Not only are people, places, and topics sometimes poorly introduced; a few of the pieces feel rushed or are plagued with poor transitions, which makes them feel like hastily written articles, not crónicas. In several of the essays, including “In the Prison of Your Skin” and “Advice from an Unyielding Dominatrix to a Bewildered Disciple,” Wiener can’t seem to decide if she wants to talk about herself or the subject she’s immersed in, and the resulting confusion weakens the overall effect.
More worrisome for a writer as talented as Wiener, important parts of the story are sometimes left unexplored. In “#NotPee,” for instance, she mentions that the United Kingdom has banned porn with female ejaculation, resulting in the “#NotPee” movement that gives her essay its title. One wonders why such a ban should exist, but she never explains it or connects it to her story. The best of the old cronistas and New Journalists used interviews, research, and personal immersion in their stories to give us an exhaustive look at their subjects. Readers not only got the sex, drugs, and rock ’n’ roll (or the massacre or the “discovery”). They also got a more profound understanding of why these stories were important. Think of Joan Didion on Haight-Ashbury or Gay Talese on swingers — we know what’s at stake, not just for the authors but for all of us. Wiener, who sometimes does her research on Wikipedia, doesn’t always do her homework. When this happens, her energy feels frenetic, and her charms wear thin.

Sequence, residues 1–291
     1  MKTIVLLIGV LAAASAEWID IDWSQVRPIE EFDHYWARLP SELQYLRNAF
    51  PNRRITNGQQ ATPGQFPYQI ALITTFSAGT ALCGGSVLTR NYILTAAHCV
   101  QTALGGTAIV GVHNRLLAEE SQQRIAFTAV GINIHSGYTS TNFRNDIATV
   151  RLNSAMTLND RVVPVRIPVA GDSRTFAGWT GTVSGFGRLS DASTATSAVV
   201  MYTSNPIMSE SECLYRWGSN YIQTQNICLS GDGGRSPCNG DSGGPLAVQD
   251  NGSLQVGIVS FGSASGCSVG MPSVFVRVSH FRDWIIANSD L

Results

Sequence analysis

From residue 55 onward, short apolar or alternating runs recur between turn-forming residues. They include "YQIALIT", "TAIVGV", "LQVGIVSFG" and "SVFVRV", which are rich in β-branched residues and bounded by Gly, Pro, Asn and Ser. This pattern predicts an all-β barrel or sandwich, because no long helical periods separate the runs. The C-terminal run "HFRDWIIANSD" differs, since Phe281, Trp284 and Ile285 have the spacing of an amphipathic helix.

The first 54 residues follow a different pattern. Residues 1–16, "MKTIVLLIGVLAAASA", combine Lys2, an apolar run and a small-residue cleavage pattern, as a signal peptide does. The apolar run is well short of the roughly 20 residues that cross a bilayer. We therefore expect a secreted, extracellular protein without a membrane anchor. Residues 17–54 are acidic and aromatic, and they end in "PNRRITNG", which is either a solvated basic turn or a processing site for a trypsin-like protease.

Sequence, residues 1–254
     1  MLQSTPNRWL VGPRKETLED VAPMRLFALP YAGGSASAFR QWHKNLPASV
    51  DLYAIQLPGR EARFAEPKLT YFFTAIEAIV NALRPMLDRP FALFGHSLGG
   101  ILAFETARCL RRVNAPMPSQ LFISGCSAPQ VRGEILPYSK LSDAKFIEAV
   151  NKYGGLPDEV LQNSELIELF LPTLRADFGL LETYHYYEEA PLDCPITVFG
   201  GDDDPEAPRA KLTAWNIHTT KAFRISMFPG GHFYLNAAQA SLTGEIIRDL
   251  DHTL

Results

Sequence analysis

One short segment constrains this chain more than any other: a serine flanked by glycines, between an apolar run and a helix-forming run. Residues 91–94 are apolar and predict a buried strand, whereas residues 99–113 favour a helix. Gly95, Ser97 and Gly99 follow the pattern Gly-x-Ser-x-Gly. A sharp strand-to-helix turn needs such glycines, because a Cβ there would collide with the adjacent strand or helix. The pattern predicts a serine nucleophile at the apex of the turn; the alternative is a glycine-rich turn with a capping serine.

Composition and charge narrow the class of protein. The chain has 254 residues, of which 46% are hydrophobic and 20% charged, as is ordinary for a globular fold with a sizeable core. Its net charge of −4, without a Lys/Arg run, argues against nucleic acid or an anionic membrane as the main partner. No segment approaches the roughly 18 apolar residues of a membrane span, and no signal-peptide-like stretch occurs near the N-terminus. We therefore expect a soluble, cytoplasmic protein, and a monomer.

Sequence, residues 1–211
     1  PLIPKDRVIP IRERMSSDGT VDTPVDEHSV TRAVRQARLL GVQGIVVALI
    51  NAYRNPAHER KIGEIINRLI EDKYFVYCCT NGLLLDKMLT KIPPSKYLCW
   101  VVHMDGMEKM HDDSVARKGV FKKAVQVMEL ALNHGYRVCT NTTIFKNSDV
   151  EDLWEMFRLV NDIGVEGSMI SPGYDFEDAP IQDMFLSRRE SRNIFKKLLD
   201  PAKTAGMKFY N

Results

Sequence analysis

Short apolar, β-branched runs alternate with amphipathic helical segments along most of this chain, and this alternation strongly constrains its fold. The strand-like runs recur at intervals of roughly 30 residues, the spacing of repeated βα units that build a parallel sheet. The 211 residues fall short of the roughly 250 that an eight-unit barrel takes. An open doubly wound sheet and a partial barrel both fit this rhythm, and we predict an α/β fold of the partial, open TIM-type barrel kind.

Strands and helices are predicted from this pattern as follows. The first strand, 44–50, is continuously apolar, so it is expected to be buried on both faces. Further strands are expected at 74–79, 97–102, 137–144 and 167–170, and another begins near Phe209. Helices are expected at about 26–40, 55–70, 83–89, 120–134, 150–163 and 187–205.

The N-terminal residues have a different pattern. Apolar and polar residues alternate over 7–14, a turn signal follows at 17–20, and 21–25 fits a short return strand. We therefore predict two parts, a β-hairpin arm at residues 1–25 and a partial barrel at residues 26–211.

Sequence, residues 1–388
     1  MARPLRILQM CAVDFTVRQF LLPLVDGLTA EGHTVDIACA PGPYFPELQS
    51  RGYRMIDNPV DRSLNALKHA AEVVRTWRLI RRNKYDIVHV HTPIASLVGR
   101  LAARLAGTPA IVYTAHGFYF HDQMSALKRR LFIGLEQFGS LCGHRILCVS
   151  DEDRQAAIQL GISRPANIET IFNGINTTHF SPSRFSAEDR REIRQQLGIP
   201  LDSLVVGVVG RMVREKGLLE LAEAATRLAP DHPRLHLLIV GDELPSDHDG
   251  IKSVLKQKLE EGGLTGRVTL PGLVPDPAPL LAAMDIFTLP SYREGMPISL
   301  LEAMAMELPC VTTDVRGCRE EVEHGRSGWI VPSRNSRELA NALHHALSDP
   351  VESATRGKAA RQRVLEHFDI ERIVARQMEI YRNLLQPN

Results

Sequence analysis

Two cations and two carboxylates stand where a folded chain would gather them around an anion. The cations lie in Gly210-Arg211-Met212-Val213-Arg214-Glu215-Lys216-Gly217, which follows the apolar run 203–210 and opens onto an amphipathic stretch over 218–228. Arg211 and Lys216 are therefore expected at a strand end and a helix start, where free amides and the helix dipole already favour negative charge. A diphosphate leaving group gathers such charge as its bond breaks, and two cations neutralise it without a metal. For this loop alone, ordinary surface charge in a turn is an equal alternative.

A few months ago, I heard Argentinian film director Lucrecia Martel speaking at the Los Angeles premiere of her (crazy good) new film Zama. A droll woman a decade or so older than Wiener, amusing and astute in the Argentinian style, Martel is almost as interesting to listen to as her films are to watch. When someone asked her what she’d been doing since her last film came out in 2008, she had a great reply. “People do too many things these days,” she said. “You don’t have to do so much.” Wiener, whose ambitions sometimes get in the way of the quality of her writing, could take a page from Martel.
Whatever you want to call it — la crónica, New Journalism, el gonzo — the translation of Latin American cronistas like Gabriela Wiener is a cause for celebration. Talented and innovative, with a seemingly endless supply of stories, their work reveals more commonalities between the Latin American and Anglo-American experience than our respective fictions do. Given the current political climate — and the underexplored connections between the literary traditions of the Americas — this can only be for the good. I hope to see more such translations in the future.
Lisa Fetchko has published essays, fiction, reviews, and translations in a variety of publications including Ploughshares, n+1, and Bookforum. She teaches at Mount Saint Mary’s University in Los Angeles.